"They think it's cool," said Vargas, who called police to report the ongoing assault. "They weren't raised to respect girls."
The investigation into the two-hour rape outside the school's homecoming dance continued Tuesday, as police leafleted the campus to advertise a $20,000 reward for information leading to the conviction of anyone who participated. Detectives continued wall-to-wall interviews of students and former students, having already arrested a 15-year-old boy and 19-year-old Manuel Ortega.
"This is a fluid investigation," Detective Ken Greco said. "There will be more
Police will meet with prosecutors Wednesday to discuss charges for those in custody.
Meanwhile, young people in Richmond increasingly feel as though they are on trial themselves, as a national chorus of gawkers judges them based on the inaction of the few who hooted and laughed, punched the girl as she lay semiconscious on a bench, and even joined in the assault after word of it got around.
Strangers e-mailed the school, comparing its students to animals.
Vargas only cares what one person thinks -- the victim -- and she wants her to know that it matters to someone.
Atianna Gibbs, knows it could have been her sister.
And a Richmond High student named Alexandra, worried enough about her safety to withhold her last name,
"We called the police as soon as we found out," Vargas said. "As soon as we found out."
"No matter who she was, who she was before, she doesn't deserve that," Gibbs said.
They were watching "The Proposal" on television Saturday night when word suddenly arrived from campus, two blocks away: A girl got drunk after homecoming. A bunch of guys stripped her naked and were using her. At school. Right now.
"I was on Emeric (Avenue) with some friends when some dudes walked up and were like, 'There's a drunk girl back there,' " said Raul Rubio, who brought back the news to his girlfriend. "They said she was naked, and if you want to get f---ed, go back there."
Rubio did not. Nor did he want to risk arrest. He found someone with a phone as quickly as he could, he said. Several of the women at Vargas' walked to the perimeter of the crime scene after calling 911 but were too afraid to proceed further without police presence. Officers arrived quickly and broke up the trouble, arresting Ortega as they say he ran from them.
The victim remained hospitalized Tuesday in stable condition. This newspaper does not identify victims of sexual assault.
The victim left the dance by herself about 9:30 p.m. to get a ride home, Greco said. She walked up 23rd Street toward Emeric, intending to phone her father for her ride.
But before she did, a classmate called to her from behind a cyclone fence separating a campus courtyard from the street. He hopped the fence, and together they returned to the shadowy, hidden spot, where a group of people were drinking and hanging out.
The victim drank a large amount of brandy quickly, police say, and was soon incapacitated. While semiconscious, she was raped. As many as seven people assaulted her as she lay on a bench, while others jeered, beat her, robbed her and took photos with their cell phones. Police say they don't know how many people watched during the course of the attack, but some reports have said as many 20.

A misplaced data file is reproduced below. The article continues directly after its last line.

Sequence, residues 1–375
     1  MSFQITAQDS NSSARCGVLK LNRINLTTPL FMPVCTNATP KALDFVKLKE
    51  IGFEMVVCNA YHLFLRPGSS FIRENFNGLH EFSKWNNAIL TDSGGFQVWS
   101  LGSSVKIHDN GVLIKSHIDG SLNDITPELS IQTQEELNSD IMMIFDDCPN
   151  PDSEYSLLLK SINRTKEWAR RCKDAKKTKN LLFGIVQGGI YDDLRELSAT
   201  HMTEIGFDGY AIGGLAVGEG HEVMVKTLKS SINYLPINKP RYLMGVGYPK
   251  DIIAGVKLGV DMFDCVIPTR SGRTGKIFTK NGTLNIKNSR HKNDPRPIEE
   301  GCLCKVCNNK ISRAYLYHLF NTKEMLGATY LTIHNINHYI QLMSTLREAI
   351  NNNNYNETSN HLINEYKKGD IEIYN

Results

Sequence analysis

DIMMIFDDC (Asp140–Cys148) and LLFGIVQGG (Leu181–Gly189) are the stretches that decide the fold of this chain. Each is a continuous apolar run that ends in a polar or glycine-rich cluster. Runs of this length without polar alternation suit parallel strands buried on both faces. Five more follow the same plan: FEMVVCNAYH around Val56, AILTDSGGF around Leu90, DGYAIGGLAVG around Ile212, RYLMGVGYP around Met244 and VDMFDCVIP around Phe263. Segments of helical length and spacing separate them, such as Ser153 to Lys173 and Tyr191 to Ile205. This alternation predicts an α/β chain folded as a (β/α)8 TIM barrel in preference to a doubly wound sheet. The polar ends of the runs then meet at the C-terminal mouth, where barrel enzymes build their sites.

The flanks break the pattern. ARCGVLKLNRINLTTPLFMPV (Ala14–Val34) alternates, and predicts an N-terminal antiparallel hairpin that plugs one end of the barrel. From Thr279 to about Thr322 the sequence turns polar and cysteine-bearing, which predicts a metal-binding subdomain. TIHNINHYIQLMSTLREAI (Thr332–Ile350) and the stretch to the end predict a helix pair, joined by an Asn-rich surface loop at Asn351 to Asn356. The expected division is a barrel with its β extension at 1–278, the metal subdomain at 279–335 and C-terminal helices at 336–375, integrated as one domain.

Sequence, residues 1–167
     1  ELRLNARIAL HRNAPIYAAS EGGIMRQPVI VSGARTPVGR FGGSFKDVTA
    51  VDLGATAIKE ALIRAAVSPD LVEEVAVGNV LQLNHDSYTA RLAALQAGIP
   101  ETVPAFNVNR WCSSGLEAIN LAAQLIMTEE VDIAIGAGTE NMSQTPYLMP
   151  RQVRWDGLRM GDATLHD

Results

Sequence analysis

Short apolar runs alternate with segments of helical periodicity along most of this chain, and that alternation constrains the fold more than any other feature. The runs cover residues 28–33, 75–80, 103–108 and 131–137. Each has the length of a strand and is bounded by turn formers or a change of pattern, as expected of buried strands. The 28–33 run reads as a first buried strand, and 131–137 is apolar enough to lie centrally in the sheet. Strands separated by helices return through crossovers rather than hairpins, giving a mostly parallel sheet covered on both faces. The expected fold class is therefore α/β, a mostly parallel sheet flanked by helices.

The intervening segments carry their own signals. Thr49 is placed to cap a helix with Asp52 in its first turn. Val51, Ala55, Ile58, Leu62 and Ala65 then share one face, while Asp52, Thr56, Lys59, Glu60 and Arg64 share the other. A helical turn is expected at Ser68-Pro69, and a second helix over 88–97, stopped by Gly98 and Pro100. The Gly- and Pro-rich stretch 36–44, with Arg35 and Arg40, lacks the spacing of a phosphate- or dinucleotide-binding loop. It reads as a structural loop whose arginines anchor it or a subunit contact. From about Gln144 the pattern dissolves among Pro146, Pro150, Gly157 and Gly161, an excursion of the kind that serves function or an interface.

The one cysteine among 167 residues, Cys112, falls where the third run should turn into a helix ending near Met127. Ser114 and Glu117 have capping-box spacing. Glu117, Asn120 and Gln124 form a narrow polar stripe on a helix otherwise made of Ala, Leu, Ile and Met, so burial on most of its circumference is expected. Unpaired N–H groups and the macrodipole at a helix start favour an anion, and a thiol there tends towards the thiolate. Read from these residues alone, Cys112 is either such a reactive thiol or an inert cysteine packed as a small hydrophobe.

For several days, the community has struggled to understand how so many could stand by and watch, failing to call police or alert other adults in the area.
"It's all about, 'What are others going to think about me if I snitch? If no one else is saying it, then it must not be OK" to speak up, said Tatiana Colon, director of education and youth services at the Family Violence Law Center in Oakland.
"The culture that we've created is that it's OK to speak your mind if you're being tough," she said. "Snitching is not something we equate with toughness. Being sensitive and nice and conscientious is not something we equate with toughness."
The lack of action on the part of bystanders will make recovery for the victim that much more difficult, said Marcia Blackstock, executive director of Bay Area Women Against Rape.
"To have other people witness and not do anything about it will really compound her issues," Blackstock said.
Witnesses who failed to report the crime could be charged with aiding and abetting if police can show their actions facilitated or goaded the perpetrators, said Dara Cashman, head of the Contra Costa District Attorney's Office sex crimes unit. Passively watching the crime is not a crime itself unless the victim is younger than 14.
Neil Smelser, a professor emeritus of sociology at UC Berkeley, said crowds in such situations often can be broken into four categories: those who perpetrate the action; those who actively encourage it but don't participate; those who observe without supporting or speaking out against the action; and those who object to it and may or may not vocalize that to the rest of the group.
"They may think, 'Why do I need to get involved in this if it doesn't involve me?' Maybe they're stunned, maybe it's denial, or fear," Smelser said. "You don't necessarily want to blame these people in not getting involved and calling police. You often have to avoid simple judgments and look at all the circumstances. It's the kind of scene that encourages a helpless feeling."
For the school district's part, officials plan to "review and revise our protocols," said Marin Trujillo, spokesman for West Contra Costa Unified.
"There were two site supervisors at the dance. One left at 9 p.m., had a previous engagement. Another was dismissed by a teacher. They were going to close the doors; there were four Richmond police officers there, and they felt they had enough security."
Staff writer Malaika Fraley contributed to this story. Reach Karl Fischer at 510-262-2728. Follow him on Twitter at http://twitter.com/kfischer510. Reach Shelly Meron at 510-243-3578. Follow her on Twitter @shellymeron.